Io may be close to thermal equilibrium, according to a study published this week in Nature. And if the new findings are correct, the volcanically wild moon could one day break free of Jupiter’s hold — and lose its rare, volcanic splendor.
Io is Jupiter’s innermost moon, and is the most volcanically active body in the Solar System. Its geological activity is thought to be the result of tidal heating from friction generated by the pull of Jupiter’s gravity. But it’s not known whether this internally generated tidal heat is high enough to generate the heat flow observed on Io’s surface.
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Using astronomic observations made between 1891 and 2007, Valery Lainey, of the Observatoire de Paris in France, and colleagues have estimated the dissipation of tidal energy in Io by tracking its effect on the orbital motions of the innermost Galilean moons. For Io, the value is in good agreement with the observed surface heat flow and suggests that Io is close to thermal equilibrium. Jupiter’s tidal dissipation is close to the upper bound of its average value, as would be expected from the long-term evolution of the system.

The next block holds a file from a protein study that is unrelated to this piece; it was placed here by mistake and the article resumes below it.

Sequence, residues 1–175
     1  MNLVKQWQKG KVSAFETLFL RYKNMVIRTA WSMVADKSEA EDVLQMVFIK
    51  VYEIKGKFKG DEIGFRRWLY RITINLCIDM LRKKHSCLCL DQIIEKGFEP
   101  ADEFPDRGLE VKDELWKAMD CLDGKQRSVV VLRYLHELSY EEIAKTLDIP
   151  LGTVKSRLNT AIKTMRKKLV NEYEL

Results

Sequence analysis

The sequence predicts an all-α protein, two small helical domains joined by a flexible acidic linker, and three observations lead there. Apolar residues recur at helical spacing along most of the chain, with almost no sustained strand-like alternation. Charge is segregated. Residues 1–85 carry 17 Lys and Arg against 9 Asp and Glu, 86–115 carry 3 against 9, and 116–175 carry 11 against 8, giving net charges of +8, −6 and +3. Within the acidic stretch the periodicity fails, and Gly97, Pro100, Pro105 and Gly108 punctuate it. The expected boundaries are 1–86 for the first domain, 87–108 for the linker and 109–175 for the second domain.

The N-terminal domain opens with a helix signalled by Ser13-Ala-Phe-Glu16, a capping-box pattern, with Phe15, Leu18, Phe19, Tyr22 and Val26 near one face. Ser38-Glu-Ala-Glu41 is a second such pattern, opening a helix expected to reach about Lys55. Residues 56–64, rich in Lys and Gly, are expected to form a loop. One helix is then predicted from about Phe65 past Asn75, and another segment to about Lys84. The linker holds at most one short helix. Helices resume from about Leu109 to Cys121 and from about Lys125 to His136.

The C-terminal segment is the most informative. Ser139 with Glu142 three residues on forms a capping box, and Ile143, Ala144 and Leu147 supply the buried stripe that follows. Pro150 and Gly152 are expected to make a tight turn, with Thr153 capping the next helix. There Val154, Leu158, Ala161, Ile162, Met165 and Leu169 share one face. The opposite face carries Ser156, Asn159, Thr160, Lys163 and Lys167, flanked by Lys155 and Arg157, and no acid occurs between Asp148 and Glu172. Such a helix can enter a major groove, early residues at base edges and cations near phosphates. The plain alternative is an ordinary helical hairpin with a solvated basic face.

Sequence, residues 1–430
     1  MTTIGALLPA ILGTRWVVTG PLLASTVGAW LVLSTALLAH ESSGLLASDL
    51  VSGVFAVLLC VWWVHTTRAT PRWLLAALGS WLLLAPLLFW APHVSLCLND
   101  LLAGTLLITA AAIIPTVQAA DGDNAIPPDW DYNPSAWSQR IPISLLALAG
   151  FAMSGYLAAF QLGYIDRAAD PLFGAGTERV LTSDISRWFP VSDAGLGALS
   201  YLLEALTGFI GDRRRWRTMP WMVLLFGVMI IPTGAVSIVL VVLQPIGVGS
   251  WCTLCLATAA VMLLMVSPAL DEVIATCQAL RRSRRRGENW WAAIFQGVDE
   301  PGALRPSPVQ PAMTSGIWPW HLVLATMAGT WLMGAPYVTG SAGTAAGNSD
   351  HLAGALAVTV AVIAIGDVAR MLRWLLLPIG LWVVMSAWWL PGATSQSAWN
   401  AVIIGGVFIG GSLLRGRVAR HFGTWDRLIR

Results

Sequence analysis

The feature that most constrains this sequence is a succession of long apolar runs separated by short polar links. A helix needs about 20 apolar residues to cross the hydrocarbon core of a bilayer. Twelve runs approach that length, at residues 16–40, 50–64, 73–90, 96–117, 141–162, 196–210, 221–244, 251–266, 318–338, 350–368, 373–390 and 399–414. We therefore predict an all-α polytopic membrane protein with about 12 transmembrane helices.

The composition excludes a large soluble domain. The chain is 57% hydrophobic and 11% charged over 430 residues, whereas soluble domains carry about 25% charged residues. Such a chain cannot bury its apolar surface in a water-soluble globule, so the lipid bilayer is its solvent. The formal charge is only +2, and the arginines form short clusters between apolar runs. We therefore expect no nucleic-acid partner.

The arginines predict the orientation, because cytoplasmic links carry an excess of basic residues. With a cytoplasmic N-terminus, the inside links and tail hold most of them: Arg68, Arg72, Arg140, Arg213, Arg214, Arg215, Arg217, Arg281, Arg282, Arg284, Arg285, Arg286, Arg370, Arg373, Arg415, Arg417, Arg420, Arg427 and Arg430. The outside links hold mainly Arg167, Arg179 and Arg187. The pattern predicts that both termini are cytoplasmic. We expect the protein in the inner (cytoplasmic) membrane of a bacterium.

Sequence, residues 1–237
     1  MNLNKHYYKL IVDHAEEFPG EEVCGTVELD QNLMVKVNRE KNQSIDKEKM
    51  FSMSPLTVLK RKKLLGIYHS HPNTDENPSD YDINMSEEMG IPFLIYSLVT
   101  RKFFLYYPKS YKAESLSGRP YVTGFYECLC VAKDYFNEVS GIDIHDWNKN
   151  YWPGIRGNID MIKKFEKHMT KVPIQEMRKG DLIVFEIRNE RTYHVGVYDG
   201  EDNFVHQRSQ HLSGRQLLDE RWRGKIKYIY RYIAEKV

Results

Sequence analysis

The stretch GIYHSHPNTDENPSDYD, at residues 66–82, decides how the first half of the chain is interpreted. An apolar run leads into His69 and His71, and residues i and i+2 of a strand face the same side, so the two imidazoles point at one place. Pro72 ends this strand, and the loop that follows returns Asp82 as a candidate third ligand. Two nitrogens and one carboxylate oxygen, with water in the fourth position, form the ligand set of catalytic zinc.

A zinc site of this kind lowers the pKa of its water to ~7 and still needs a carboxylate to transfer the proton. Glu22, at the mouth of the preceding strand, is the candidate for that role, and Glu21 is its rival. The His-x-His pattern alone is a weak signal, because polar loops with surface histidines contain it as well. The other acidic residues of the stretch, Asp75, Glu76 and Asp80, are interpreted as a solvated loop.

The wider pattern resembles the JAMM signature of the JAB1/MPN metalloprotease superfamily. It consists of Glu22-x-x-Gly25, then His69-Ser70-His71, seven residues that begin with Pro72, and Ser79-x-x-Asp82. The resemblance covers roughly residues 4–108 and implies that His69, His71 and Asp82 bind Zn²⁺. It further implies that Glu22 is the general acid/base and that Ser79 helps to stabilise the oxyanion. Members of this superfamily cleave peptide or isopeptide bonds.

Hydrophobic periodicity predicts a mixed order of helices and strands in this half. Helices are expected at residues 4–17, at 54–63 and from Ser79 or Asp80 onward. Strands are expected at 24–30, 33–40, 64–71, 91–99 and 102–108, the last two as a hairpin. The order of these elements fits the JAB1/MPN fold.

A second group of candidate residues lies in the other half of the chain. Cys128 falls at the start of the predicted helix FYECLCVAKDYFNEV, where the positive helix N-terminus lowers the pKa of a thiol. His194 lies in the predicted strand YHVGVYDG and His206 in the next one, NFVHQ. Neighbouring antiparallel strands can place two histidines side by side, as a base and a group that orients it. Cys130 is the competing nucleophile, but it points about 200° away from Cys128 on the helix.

“The measured secular accelerations indicate that Io is evolving inwards, towards Jupiter,” Lainey and her colleagues add, “and that the three innermost Galilean moons (Io, Europa and Ganymede) are evolving out of the exact Laplace resonance.”
In an accompanying editorial, Gerald Schubert of the University of California in Los Angeles, writes that “Io’s orbital imprisonment is the cause of its spectacular volcanism.”
“If it eventually breaks free, the most volcanically active object in our Solar System will become dormant.”